[arin-ppml] Encouraging IPv6 Transition

paul vixie paul at redbarn.org
Sat May 12 12:03:21 EDT 2012

On 5/12/2012 1:30 PM, Mike Burns wrote:
> No offense, Paul, but this discussion IS about market and stewardship.

no offense taken, mike.

> And forgive me if I doubt your level of libertarianism, any
> libertarian I know would have simply pointed out that Enron went
> bankrupt, taking many investors and management down. Hardly a shining
> example of the faults of a market, and there is no doubt that the
> market Enron operated in was far from free and open.

i think we'd be far afield if we get into those details. my point in
mentioning libertarianism was that i'm a knowledgeable amateur when it
comes to the austrian school, but am not a knee-jerk anarcho-lib as some
in this audience occasionally seem (to me). so i forgive you noting that
we're at cross purposes here.

> Instead of treating ASNs as the valuable and scarce resources they
> are, and creating policies to engender their recycling and re-use
> through the profit motive, they languish like IPv4 addresses did
> before we began to create a market for them.

on the merits of the specific policy you mention (asn reassignment),
i've heard no credible benefit to it and one credible cost. i call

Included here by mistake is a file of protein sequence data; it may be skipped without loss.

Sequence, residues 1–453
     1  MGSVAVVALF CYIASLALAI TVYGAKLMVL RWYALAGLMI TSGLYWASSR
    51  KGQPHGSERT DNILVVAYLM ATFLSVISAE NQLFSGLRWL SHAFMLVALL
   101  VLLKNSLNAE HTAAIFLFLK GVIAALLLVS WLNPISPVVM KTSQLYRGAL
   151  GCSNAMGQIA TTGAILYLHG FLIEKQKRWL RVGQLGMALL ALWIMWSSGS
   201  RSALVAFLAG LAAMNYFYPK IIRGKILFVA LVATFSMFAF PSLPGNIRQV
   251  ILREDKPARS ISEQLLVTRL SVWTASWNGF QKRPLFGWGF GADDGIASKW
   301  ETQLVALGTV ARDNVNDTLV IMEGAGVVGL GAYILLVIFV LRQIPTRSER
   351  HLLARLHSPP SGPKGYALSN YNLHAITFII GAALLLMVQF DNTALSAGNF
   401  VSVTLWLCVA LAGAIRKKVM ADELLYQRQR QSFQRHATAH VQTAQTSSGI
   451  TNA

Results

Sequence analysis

"4-byte asn's are less desireable" a canard, because many operators
around the world use them successfully and these asn's represent the
inevitable future once the 2-byte pool is exhausted. if i thought we
could have "steady state forever" on 2-byte then i'd think differently.
there is a cost in recycling, brought up in the vancouver meeting by
bill woodcock, which is that old network traces stored on disk are
pretty stable in the asn:identity mapping. some asn's have churned, like
174 used to be psi and is now cogent. most have not churned. someone
sitting on a 20-year pile of netflow or bgp traces may not thank us for
making them go back and put a time-domain on every asn reference. that's
a small matter but it's more credible than the best example yet given as
to why asn's should be recycled more freely.

(yes, i wish i had asn 42 instead of woody... because of douglas adams.
that doesn't make it good policy.)

> You will note that my policy prescriptions always separate the free
> pool from the pool of already allocated resources. I have no problem
> with a needs test and other central control of the free pool, but
> markets work best for allocations of resources already held by
> disparate parties.

you could argue that the goodness of stewardship depends on the
efficiency of utilization, and that an asn sitting on the beach unable
to be recycled is therefore a bad thing. i don't think anyone could
argue. if you do this, you should quote arin's mission statement and the
relevant parts of rfc 2050.

but if you argue on the basis that markets are good, i predict very
little traction.

"I suspect I'm not known as a font of optimism." (VJS, 2012)

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